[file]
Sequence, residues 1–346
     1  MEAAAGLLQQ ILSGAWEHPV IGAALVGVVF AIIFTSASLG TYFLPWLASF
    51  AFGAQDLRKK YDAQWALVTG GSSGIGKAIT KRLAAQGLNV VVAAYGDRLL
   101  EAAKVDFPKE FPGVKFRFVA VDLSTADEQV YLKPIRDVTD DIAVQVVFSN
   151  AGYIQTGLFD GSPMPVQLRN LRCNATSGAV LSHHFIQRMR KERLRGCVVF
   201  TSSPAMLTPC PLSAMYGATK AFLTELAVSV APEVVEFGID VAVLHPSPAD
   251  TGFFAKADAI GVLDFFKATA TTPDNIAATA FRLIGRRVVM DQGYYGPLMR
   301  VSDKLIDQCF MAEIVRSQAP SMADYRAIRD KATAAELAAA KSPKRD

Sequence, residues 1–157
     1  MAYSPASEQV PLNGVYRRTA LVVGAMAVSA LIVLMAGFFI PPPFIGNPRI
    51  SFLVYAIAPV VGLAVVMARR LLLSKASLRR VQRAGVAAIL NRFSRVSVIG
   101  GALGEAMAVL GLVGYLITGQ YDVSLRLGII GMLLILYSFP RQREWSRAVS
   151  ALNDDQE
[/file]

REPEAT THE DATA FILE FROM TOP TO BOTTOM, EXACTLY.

Sequence, residues 1–346
     1  MEAAAGLLQQ ILSGAWEHPV IGAALVGVVF AIIFTSASLG TYFLPWLASF
    51  AFGAQDLRKK YDAQWALVTG GSSGIGKAIT KRLAAQGLNV VVAAYGDRLL
   101  EAAKVDFPKE FPGVKFRFVA VDLSTADEQV YLKPIRDVTD DIAVQVVFSN
   151  AGYIQTGLFD GSPMPVQLRN LRCNATSGAV LSHHFIQRMR KERLRGCVVF
   201  TSSPAMLTPC PLSAMYGATK AFLTELAVSV APEVVEFGID VAVLHPSPAD
   251  TGFFAKADAI GVLDFFKATA TTPDNIAATA FRLIGRRVVM DQGYYGPLMR
   301  VSDKLIDQCF MAEIVRSQAP SMADYRAIRD KATAAELAAA KSPKRD

Sequence, residues 1–157
     1  MAYSPASEQV PLNGVYRRTA LVVGAMAVSA LIVLMAGFFI PPPFIGNPRI
    51  SFLVYAIAPV VGLAVVMARR LLLSKASLRR VQRAGVAAIL NRFSRVSVIG
   101  GALGEAMAVL GLVGYLITGQ YDVSLRLGII GMLLILYSFP RQREWSRAVS
   151  ALNDDQE